A wooden staircase cantilevers over the central atrium that architect Andrew Pilkington has cut through the first floor of a Victorian building in west London to transform two small apartments into one large residence (+ slideshow).
London-based Andrew Pilkington merged the first and second floor of an end-of-terrace block to create 3floor-in2 Apartment, a 120-square-metre residence over two full floors and a partial mezzanine level, in Notting Hill, west London.
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The project unites two previously separate residences in the building, creating an apartment with an open-plan living and dining area on the lower floor, and two bedrooms and a study above.
The architect retained the exterior shell of the Victorian property and a number of the apartments’ original features, including arched window frames and doors.
He combined these with contemporary white-washed interiors, exposed woodwork and primary-coloured accents.
“Fundamentally this project demonstrates that it is possible to respect and celebrate the good bones of traditional spaces while creating rooms with an innovative forward focus,” Pilkington told Dezeen.
To create an interior connection between the two apartments, the architect inserted the new atrium at the centre of the plan, providing a staircase that connects the two floors and a small mezzanine level.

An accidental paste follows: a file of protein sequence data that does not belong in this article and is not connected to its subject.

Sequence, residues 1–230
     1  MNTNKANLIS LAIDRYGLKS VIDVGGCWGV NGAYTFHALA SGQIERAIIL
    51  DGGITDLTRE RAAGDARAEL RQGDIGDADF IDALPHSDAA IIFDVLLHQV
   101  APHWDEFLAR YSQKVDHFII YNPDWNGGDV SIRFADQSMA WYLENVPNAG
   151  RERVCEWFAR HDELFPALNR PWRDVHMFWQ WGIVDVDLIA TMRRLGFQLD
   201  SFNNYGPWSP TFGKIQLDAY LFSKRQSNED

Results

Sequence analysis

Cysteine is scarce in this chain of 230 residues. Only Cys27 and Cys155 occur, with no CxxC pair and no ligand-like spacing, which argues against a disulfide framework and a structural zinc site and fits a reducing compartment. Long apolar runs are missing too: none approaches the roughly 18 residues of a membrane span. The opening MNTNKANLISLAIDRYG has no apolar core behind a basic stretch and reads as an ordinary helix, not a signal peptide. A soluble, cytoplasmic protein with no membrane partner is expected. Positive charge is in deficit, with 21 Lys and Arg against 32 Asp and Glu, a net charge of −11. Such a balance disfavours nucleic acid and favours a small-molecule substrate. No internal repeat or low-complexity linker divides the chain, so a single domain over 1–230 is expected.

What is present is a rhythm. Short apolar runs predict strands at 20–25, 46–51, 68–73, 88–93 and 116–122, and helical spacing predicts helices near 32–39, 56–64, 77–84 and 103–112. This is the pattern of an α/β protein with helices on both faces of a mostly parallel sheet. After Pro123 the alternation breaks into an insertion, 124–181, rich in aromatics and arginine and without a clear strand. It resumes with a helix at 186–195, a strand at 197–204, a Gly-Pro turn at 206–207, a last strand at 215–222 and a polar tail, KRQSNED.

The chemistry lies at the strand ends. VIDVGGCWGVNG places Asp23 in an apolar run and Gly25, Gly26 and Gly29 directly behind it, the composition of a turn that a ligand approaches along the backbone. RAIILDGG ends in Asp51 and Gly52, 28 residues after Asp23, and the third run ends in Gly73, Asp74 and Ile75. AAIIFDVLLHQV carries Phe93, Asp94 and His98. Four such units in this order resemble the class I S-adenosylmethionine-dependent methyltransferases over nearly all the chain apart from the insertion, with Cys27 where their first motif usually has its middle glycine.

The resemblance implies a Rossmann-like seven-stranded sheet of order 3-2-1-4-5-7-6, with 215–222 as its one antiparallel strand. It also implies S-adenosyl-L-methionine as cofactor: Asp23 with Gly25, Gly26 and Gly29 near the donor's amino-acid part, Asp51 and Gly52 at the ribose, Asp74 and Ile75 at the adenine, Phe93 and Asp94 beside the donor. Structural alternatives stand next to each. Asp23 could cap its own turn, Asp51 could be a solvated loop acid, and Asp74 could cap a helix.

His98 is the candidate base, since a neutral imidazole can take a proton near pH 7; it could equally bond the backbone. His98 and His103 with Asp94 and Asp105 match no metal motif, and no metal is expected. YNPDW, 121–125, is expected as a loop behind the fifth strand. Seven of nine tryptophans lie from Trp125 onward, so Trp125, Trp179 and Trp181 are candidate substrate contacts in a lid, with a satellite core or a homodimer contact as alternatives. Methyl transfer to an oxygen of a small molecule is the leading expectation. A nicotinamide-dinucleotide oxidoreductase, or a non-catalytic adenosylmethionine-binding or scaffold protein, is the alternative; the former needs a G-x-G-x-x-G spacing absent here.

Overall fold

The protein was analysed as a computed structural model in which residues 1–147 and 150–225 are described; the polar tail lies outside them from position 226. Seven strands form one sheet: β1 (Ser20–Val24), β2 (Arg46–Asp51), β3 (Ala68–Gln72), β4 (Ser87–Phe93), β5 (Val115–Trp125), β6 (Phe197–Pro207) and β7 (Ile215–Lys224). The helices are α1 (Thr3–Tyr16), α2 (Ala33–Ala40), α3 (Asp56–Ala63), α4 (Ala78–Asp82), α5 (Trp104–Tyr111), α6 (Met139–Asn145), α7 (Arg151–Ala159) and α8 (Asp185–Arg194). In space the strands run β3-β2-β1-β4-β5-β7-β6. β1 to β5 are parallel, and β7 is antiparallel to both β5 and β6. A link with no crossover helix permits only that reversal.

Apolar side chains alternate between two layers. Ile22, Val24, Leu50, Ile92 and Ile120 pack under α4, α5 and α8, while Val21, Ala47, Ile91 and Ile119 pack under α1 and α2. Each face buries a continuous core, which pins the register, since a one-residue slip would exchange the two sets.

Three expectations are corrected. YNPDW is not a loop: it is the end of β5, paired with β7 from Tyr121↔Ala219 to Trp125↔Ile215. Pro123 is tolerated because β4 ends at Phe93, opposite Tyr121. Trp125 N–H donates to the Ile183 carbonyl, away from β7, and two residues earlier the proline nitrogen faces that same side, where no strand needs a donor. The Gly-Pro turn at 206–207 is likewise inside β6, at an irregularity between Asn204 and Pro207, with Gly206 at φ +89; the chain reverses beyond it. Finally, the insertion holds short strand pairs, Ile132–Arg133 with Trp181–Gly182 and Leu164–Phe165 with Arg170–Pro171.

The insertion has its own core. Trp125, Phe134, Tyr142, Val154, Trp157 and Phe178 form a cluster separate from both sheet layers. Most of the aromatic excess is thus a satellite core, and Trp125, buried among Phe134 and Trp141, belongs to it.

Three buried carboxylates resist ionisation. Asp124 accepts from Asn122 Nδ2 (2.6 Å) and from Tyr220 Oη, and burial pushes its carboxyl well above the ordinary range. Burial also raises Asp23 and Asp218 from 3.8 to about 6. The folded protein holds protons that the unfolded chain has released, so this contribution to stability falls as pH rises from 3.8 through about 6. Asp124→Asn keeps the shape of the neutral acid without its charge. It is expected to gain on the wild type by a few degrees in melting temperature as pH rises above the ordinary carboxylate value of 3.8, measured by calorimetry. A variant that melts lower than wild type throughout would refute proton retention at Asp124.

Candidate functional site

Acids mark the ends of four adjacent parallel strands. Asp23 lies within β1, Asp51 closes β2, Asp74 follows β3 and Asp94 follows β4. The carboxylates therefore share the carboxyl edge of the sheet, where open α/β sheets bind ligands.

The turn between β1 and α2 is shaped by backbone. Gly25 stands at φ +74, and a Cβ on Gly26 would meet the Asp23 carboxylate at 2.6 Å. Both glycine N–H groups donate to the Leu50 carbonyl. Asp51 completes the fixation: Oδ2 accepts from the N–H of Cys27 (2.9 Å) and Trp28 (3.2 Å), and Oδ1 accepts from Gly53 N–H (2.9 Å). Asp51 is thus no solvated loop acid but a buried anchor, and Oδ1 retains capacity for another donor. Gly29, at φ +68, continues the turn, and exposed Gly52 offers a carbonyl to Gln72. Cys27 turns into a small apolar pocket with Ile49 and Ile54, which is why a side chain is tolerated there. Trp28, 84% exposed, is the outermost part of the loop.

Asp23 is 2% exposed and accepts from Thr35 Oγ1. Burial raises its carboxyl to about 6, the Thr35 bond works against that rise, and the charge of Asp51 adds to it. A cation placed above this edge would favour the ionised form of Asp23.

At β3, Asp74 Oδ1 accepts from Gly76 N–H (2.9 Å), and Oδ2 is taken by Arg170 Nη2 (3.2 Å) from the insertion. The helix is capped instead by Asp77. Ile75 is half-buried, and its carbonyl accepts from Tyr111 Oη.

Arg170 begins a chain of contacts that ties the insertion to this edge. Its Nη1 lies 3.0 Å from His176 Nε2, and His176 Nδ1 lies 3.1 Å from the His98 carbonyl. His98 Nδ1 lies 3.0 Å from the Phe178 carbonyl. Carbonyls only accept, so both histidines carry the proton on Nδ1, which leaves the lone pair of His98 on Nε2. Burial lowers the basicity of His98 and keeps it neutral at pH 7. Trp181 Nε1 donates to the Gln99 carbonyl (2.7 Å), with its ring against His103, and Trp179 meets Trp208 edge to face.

“To unite two flats over two floors as one apartment they must feel in no way like two joined flats,” said the architect.
Entrance to the apartment is via a communal doorway and staircase that also provides residents on the upper floors with access to their properties.
The front door opens from the staircase into the atrium and an adjoining dining room, while an open-plan living room and kitchen look onto communal gardens at the rear of the property.
A narrow set of steps with white edges and wooden treads faces the doorway, leading up to the bedroom level and mezzanine beyond.
“The interior staircase of edge-revealed plywood starts as white squared boxes, then passes up connecting the interior levels through a series of differently figured spaces,” said the architect.
Primary-coloured I-beams support a coffered wooden ceiling – the underside of the wooden-floored upper level. The steel beams are painted in shades of yellow and red that contrast with the pale interior decoration of the lower floor.
The stairs break at a landing between the two storeys, offering residents a place to survey the open-plan sitting and dining area below. Where the stairs continue to the first floor, they cantilever over the space below.
This section of the wooden staircase is bracketed to the underside of the steel supports with large metal bolts. “It’s a mix of a minimal aesthetic with industrial touches,” said Pilkington.
The first-floor study features storage cupboards with concertina doors built into the walls.
A bridge across the atrium leads through to a bathroom and two bedrooms overlooking the garden.
In the bathroom, a white spiral-shaped “nautilus” shower-cubicle constructed from a curled sheet of polypropylene echoes curved elements on the ground floor of the property.
Hatches cut into the navy blue walls of the bathroom and hallway open onto the stairwell, providing natural light for these areas that have no exterior windows.
Three crisscrossing light tubes hang from the ceiling over the stairwell, providing additional lighting and a focal point above the atrium.
At the end of the hallway, a small flight of ply steps lead up to a wood-lined annex on the third-level mezzanine and back down into the study.
Photography by Kilian O’Sullivan.